As part of the 2015 equity recognition process, the Canada Research Chairs Program (CRCP) profiles medium-sized institutions who have achieved commendable representation rates for the four designated groups: women, persons with a disability, Aboriginal Peoples and visible minorities.
The three institutions profiled are:
Brock University is committed to employment equity and diversity, with an impressive representation of women and visible minorities among their 10 chairholders. In 2015, Brock reported that 40 per cent of their chairholders were women, and 20 per cent were visible minorities. However, the university has too few chairs to be able to set targets for the designated groups of persons with a disability and Aboriginal Peoples.
Brock’s commitment is reflected in the principles that are woven throughout its strategic directions to ensure impact across the institution. As a university that strives to have an impact in the community locally, nationally and internationally, Brock has developed a strategic research plan, Vision 2020, that includes several goals directly related to equity and recruitment efforts for Canada Research Chairs. These include ensuring that Brock is a preferred place to work and study; encouraging transdisciplinary initiatives; and serving the social, cultural and economic well-being of the local, national and global communities. These goals are all achieved through ensuring a diverse group of scholars who represent the communities with which they are engaged.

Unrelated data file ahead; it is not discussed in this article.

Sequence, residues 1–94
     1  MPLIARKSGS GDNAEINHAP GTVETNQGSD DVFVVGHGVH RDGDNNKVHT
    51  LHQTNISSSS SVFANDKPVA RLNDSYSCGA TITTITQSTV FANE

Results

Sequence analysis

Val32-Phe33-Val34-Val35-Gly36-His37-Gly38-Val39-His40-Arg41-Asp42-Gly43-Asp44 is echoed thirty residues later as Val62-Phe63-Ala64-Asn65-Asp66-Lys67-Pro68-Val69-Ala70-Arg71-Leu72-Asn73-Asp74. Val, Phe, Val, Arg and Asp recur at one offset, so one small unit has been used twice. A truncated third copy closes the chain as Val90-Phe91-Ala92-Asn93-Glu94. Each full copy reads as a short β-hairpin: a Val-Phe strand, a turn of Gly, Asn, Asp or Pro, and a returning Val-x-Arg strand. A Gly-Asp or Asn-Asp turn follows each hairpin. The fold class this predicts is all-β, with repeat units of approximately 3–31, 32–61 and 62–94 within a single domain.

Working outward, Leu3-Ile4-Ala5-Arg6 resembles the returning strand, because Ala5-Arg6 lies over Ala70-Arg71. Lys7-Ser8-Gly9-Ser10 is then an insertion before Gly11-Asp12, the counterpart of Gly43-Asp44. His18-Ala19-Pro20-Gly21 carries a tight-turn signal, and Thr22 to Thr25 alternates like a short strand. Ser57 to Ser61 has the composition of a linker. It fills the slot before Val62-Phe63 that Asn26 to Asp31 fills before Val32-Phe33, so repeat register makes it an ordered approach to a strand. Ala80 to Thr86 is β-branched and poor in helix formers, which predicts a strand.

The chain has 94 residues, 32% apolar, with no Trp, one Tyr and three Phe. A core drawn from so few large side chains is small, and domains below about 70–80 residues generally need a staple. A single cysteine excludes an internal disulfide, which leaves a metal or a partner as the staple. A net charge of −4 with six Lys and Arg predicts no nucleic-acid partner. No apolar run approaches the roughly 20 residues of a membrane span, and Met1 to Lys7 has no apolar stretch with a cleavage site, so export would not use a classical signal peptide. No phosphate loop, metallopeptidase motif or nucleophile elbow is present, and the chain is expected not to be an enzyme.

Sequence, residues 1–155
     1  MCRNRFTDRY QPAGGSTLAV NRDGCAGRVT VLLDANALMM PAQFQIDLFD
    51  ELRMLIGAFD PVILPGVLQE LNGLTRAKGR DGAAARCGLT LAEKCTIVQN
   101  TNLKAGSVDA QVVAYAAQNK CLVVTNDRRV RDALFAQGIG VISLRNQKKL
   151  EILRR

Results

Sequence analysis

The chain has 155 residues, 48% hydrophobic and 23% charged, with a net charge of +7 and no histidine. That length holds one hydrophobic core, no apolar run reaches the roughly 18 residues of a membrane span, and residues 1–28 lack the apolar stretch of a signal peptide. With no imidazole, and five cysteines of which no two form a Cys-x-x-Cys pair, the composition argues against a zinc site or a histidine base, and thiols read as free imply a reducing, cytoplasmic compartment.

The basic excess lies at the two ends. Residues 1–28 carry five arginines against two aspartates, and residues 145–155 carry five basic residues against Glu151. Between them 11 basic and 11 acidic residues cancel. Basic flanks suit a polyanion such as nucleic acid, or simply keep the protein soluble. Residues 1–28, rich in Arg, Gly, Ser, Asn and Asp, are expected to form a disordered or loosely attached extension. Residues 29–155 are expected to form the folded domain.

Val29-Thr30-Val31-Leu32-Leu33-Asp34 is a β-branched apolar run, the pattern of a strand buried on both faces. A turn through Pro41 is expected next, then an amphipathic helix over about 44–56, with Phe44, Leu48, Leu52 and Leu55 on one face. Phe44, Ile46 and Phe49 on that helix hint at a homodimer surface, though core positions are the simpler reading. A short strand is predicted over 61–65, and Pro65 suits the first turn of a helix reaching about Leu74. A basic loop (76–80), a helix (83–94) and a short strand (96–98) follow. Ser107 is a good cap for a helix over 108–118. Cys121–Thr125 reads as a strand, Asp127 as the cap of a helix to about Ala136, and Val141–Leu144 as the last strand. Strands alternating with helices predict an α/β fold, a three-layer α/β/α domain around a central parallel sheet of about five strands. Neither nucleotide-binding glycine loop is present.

CRCP applicants are actively encouraged, and are provided an opportunity, to identify themselves as a member of a designated group. Brock uses a process in recruiting new faculty members that ensures that equity is discussed at an institutional level. This process includes:
- developing faculty-specific equity plans;
- encouraging senior administrators to discuss equity when making a hiring decision; and
- monitoring employment equity by a dedicated committee of faculty administrators, which reports back on how faculties are addressing equity in the hiring process.
“Equity is a key principle for Brock. We are living in an increasingly diverse society and recruiting top scholars both nationally and internationally is key for us to ensure that we have a representative faculty complement of researchers.”
― Gary Libben, vice-president, Research, Brock University
University of Regina
In 2015, the University of Regina successfully represented two designated groups among their 10 chairholders, reporting that 40 per cent were women and 20 per cent were visible minorities. However, the university has too few chairs to be able to set targets for the designated groups of persons with a disability and Aboriginal Peoples.
By choosing to strategically leverage programs and available resources to promote, encourage and support equity opportunities in underrepresented fields, the university has been able to achieve its CRCP equity targets for women and visible minorities.
“The CRCP equity targets have had a positive effect on the research enterprise at our university,” says David Malloy, vice-president, Research. “They have enhanced the diversity and richness of our work, which has, in turn, strengthened the impact the University of Regina has on the world.”